- Joe Hill – The Fireman ($3.99)
- Neal Stephenson – Seveneves ($2.99) (one of the very best post-apocalyptic novels)
- David Wong – John Dies at the End ($2.99)
- Blake Crouch – Abandon ($2.00)
- Joe Haldeman – The Forever War ($1.99)
- Octavia E. Butler – Dawn ($1.99) (Xenogenesis book 1)
- Robert R. McCammon – Swan Song ($1.99) (one of the very best post-apocalyptic novels)
- Octavia E. Butler – Parable of the Talents ($1.99) (Parable book 2)
- Theodore Sturgeon – More than Human ($1.99)
- Robert R. McCammon – Usher’s Passing ($1.99)
- Greg Bear – Legacy ($1.99) (Eon book 0)
The Mistborn trilogy is one of my favorite fantasy series of all time and The Final Empire — the first book in the series, like so many other popular books, has had its cover art has evolve as new editions release. The first U.S. paperback edition cover is probably familiar to most Sanderson fans:
Or, the current paperpack cover of the trilogy’s omnibus:
The Facefaker’s Game
Chandler J. Birch
The Facefaker’s Game is Chandler J. Birch’s debut novel, a well-crafted story that combines a bit of cloak-and-dagger mystery with a slightly dystopian fantasy world. Like so many other books in the genre, The Facefaker’s Game isn’t shy about re-using tried-and-true tropes: the down-on-his-luck street urchin, the mysterious benefactor, the sadistic gangleader — they’re all present, but Birch manages to keep everything fresh on the strength of strong writing and relatable characters.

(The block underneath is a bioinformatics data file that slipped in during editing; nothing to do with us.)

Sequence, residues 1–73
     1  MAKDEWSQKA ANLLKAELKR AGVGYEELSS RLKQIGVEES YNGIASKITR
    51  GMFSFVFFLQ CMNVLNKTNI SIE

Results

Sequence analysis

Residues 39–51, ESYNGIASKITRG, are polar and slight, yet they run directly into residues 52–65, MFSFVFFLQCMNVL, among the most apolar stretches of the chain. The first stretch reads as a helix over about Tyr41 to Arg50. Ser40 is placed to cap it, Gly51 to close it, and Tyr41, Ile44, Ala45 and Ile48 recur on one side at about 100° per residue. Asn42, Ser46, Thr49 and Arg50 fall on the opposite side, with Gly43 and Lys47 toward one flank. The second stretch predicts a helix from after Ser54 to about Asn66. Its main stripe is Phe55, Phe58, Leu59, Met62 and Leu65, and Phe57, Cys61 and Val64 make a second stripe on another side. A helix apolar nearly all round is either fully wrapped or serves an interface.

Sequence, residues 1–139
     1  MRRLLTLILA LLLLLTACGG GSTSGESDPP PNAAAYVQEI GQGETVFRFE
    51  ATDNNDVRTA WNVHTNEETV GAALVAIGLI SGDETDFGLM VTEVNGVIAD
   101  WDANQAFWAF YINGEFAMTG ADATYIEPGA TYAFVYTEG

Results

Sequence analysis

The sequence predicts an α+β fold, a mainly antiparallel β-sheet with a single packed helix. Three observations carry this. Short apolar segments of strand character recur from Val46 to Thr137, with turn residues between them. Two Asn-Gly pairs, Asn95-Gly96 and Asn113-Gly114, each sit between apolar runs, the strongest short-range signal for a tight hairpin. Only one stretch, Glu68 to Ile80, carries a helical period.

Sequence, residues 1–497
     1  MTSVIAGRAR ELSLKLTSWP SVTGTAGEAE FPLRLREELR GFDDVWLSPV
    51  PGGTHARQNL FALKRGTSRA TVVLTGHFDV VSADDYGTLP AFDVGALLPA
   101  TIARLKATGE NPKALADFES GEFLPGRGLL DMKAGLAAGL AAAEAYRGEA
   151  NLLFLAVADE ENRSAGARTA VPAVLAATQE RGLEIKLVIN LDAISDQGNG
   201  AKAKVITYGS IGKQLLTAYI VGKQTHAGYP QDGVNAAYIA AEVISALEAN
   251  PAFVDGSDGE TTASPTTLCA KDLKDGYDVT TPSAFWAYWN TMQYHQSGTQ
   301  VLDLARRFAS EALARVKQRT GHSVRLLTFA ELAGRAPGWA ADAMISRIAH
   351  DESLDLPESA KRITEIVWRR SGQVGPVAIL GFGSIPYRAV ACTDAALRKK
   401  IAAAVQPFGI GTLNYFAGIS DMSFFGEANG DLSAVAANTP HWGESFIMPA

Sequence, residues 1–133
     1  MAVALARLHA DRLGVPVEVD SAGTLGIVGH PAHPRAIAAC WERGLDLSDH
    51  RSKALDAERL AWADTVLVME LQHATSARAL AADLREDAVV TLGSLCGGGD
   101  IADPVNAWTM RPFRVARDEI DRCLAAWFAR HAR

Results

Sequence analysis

The urchin is Ashes, a boy with an unknown past; the benefactor is Jack, an illusionist with an unknown past; the gangleader is Mr. Ragged, an angry guy with an unknown past. There’s magic: the manipulation of light to create illusions. There’s other characters, some memorable, some forgettable. There’s the city of Teranis, big and teeming with personality, like any big city should. And the rest of the book unravels a bunch of stuff, including the aforementioned unknown pasts, and it does so in a very enjoyable way.
My biggest quibble with the story is very minor: a few of the character names are anachronistic, pulling me completely out of the story to theorycraft about the fantasy world — is it some kind of post-apocalyptical Scotland, where all traces of the country’s history has since been wiped out, with the exception of specific character names? Is it some kind of alt-history version of London, where the black plague has transformed an unlucky few into sewer-dwelling monsters?
Other than that, I thoroughly enjoyed Birch’s debut book. A solid fantasy story with a fresh and unique — but not overtly confusing — magic system, likable characters, and a vivid world ready for additional stories. I hope we’ll get more time to explore the city of Teranis.